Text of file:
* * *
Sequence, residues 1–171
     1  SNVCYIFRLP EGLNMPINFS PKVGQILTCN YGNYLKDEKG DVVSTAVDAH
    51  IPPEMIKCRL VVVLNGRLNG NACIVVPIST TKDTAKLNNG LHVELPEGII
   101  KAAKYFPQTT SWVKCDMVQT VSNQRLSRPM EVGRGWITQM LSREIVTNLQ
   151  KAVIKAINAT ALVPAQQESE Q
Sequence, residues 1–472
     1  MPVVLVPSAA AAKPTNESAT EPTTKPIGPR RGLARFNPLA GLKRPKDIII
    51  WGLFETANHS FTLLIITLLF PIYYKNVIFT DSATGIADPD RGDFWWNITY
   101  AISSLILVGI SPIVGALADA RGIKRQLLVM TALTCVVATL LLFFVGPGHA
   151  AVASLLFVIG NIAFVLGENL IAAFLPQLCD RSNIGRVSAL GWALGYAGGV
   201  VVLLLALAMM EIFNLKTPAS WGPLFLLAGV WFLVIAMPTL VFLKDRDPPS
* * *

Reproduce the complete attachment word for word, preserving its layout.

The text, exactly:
Sequence, residues 1–171
     1  SNVCYIFRLP EGLNMPINFS PKVGQILTCN YGNYLKDEKG DVVSTAVDAH
    51  IPPEMIKCRL VVVLNGRLNG NACIVVPIST TKDTAKLNNG LHVELPEGII
   101  KAAKYFPQTT SWVKCDMVQT VSNQRLSRPM EVGRGWITQM LSREIVTNLQ
   151  KAVIKAINAT ALVPAQQESE Q
Sequence, residues 1–472
     1  MPVVLVPSAA AAKPTNESAT EPTTKPIGPR RGLARFNPLA GLKRPKDIII
    51  WGLFETANHS FTLLIITLLF PIYYKNVIFT DSATGIADPD RGDFWWNITY
   101  AISSLILVGI SPIVGALADA RGIKRQLLVM TALTCVVATL LLFFVGPGHA
   151  AVASLLFVIG NIAFVLGENL IAAFLPQLCD RSNIGRVSAL GWALGYAGGV
   201  VVLLLALAMM EIFNLKTPAS WGPLFLLAGV WFLVIAMPTL VFLKDRDPPS